We were honoured to be asked to build and install the first show ever in the UK of the work of Yves Saint Laurent at the Bowes Museum in 2015. This spectacular show was designed in conjunction with the Pierre Bergé Fondacion to showcase the best of the great designer’s masterpieces. We had six technicians on the build for 3 weeks with many of the plinths prefabricated by Ian Watson and Sunghoon Son during this period, and a week of the six of us on site to install the show itself.
Read the write up in Harpers Bazaar where we are mentioned here.
The home of the Earls Grey and famous for its spectacular gardens, Howick Hall Gardens near Alnwick have just opened a new visitor centre in what was the entrance to the Hall itself. Colin Williams of Williams Design Associates designed and project managed the works with his trademark finesse and elegance. With Colin’s vision for the space explained, we designed the brackets for the displays and asked Craig Knowles, artist and blacksmith, to fabricate them all. (To see Craig’s website click here.) Once in place, we attached the rails to the brackets and hung the cable assemblies and artwork.
We were recently asked to design and build a lectern for an exhibition in March 2013. The sketchup drawings we made gave us the basis for the fabrication idea, and we ended up making the radius of the curve smaller in order to provide easier access for wheelchair users. The lamp contains a camera which picks up a fiducial marker printed on the left hand page of an open book, so that when the book is browsed, a projector will display more visual content relevant to the content on the right hand page. The power and data cables are embedded into the spine of the stand allowing the design of the lectern to dominate visually.
iLab-learn is part of Newcastle University’s school of Education Communication and Language Sciences (ECLS). We were commissioned to build a smart kitchen for them which would be capable of supporting a platform for web-based technologies, pervasive computing and situated interaction. This has been integrated into their programme of technology enhanced learning and now the Lab has a fully functioning kitchen within the space to join the multi-user pen-tables and learning environment cubicle we designed and made. The kitchen has rfid’s embedded into the surfaces, HD screens embedded behind plexiglas walls and a multi touch surface combined to work with one of the screens. Have a look at this link to see it in action. The project has met with great success and an EU grant of €400K has been obtained to develop English, German, Spanish, Italian, Finnish and Catalan versions. Professor Paul Seedhouse sheds more light on the project in this article.
Our introduction to working with the Culture Lab at Newcastle University was sparked when Dr. Patrick Olivier approached us to discuss an exciting project he had been working on. The ‘Ambient Kitchen’ was an idea that came out of work done with dementia patients and the problems encountered in caring for these patients due to the nature of the symptoms. The goal of Ambient Kitchen is to build an environment that can provide calm support for older people in a kitchen using technology that has effectively disappeared. This has been achieved by embedding the RFID readers within the work surfaces and the cupboards; concealing the miniature DLP projectors inside the cabinets; placing pressure sensors under the flooring; an attaching wireless light and acceleration sensors to anything that can be moved. The Ambient Kitchen’s software is able to monitor not only what objects are manipulated, but the actions people are trying to perform (although this is quite basic at present). Using this information gentle hints and advice is displayed to help people in their everyday kitchen activities.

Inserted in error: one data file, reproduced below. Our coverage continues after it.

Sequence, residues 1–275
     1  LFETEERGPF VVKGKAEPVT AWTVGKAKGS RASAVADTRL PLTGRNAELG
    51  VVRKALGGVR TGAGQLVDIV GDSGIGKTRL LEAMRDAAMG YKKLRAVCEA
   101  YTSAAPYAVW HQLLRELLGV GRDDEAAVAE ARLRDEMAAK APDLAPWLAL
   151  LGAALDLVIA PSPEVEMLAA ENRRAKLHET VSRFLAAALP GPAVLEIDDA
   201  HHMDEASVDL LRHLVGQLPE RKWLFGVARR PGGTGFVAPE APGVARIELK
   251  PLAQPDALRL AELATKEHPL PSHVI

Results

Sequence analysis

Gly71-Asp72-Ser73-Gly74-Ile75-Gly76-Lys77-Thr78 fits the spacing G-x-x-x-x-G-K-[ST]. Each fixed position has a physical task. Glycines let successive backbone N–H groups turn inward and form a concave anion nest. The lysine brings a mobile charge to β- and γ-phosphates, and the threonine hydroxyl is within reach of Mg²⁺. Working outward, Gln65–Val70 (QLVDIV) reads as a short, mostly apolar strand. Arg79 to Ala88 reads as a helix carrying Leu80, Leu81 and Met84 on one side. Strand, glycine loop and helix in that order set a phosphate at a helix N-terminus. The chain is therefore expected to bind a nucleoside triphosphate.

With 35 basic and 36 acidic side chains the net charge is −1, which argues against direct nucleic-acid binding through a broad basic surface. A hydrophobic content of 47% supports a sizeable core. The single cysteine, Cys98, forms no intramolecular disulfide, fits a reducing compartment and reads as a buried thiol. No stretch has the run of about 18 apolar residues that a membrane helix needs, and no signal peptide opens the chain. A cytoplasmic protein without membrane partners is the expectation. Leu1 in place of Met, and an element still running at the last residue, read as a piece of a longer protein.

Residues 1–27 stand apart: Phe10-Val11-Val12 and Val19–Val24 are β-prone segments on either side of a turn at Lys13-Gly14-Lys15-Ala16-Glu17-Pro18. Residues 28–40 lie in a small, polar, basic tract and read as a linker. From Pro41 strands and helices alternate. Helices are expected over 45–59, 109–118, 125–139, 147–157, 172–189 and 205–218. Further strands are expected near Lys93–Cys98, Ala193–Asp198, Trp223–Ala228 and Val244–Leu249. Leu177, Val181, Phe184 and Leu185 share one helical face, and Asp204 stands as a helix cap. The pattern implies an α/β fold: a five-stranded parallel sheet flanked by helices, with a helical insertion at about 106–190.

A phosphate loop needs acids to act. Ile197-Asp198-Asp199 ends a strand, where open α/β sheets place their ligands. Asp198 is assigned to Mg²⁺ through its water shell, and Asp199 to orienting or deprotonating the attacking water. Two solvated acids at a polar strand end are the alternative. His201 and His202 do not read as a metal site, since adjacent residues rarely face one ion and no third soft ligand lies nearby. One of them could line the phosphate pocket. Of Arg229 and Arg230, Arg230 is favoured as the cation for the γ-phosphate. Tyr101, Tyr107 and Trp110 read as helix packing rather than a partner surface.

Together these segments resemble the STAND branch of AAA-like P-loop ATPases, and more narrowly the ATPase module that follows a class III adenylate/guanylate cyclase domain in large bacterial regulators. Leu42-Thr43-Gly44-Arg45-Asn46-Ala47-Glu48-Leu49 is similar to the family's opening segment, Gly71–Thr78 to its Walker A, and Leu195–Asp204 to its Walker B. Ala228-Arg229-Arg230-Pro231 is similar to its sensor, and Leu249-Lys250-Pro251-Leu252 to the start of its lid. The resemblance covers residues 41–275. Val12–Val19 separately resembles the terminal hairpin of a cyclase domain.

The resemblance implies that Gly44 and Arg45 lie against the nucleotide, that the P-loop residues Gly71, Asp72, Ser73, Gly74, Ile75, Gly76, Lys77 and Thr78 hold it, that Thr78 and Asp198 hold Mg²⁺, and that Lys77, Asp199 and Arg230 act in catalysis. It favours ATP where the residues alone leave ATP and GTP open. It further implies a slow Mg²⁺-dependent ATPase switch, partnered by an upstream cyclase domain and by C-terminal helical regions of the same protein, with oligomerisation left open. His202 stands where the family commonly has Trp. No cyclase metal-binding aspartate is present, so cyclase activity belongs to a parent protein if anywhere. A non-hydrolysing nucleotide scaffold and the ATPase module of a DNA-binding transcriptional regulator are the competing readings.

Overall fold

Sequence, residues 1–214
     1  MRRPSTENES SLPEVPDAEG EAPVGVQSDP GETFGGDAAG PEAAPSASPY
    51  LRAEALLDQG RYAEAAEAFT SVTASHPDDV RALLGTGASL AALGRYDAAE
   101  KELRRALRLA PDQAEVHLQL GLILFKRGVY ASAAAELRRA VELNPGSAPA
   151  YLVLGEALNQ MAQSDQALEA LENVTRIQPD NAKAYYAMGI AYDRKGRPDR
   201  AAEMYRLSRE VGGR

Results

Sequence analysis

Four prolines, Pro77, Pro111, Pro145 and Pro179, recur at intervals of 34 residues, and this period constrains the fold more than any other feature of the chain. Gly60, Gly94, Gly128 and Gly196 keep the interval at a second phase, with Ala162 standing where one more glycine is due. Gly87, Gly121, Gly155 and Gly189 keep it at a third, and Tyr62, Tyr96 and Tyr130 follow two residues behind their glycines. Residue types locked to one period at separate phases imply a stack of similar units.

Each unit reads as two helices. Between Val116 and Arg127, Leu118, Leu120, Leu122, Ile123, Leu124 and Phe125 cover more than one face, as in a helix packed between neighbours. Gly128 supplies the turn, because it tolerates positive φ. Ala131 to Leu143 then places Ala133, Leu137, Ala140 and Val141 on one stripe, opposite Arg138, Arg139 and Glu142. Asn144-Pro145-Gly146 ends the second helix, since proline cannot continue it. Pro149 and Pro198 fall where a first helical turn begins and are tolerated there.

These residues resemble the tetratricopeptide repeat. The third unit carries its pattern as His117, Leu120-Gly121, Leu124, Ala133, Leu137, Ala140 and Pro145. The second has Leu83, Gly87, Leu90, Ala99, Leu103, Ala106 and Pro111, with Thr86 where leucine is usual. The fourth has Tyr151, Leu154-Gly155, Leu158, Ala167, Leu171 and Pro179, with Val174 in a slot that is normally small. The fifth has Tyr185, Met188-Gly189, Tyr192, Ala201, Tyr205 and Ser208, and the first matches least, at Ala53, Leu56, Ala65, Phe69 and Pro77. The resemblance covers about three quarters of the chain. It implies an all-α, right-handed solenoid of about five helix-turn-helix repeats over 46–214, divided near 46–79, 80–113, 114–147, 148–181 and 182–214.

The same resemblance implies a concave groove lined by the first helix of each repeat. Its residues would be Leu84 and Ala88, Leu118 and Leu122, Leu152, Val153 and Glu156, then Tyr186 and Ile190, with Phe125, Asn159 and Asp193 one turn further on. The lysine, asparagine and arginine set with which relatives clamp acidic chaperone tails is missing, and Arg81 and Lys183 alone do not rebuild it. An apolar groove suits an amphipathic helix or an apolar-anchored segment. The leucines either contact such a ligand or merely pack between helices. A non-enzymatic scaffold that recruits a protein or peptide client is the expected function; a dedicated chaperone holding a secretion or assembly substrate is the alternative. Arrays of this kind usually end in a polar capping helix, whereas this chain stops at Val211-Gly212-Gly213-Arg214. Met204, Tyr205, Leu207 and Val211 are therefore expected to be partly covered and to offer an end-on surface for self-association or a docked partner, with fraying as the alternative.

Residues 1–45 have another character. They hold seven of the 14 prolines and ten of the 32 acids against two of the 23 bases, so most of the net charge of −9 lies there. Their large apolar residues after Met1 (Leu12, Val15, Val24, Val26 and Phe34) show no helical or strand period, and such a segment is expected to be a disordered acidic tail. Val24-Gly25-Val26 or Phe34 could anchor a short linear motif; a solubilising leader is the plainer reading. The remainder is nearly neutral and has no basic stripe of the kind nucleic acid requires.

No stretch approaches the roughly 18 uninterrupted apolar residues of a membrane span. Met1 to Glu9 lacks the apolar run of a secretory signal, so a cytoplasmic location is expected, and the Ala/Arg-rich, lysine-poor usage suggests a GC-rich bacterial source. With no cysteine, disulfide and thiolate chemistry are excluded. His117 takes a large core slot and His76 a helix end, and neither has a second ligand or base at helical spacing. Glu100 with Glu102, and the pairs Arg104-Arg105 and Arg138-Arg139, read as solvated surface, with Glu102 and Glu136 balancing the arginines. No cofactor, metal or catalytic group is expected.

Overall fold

Touchscape Multi-Touch tables were invented and developed by Dr. Cassim Ladha who asked us to come up with some prototype designs for a coffee table that could operate as a multi-touch interactive surface. Making sure that all the relevant technology could fit and the many layers of components would work together, we developed some blueprints for how it could be built, and designed a table that could perform as well as look good. Have a look at this video to see it in action.
These personhood boxes were made for Jayne Wallace and the Culture Lab, and house emotive jewellery and objects which have special significance for the particular dementia sufferer. In one instance, the fabric off-cuts of old dresses helped trigger memories of when they were worn which were recorded in that instant. The boxes can record audio memories and play them back to the user. These images show the dovetail boxes at various stages of completion, and were made in walnut, cherry and goncalo.
These tables were designed for the Culture Lab embedding interactive whiteboards into a table surface, which are then calibrated to projected images, allowing multiple users to work on a projected document with whiteboard pens. The Digital Mysteries project was rolled out using these tables in schools in the Northeast and proved to be a great success.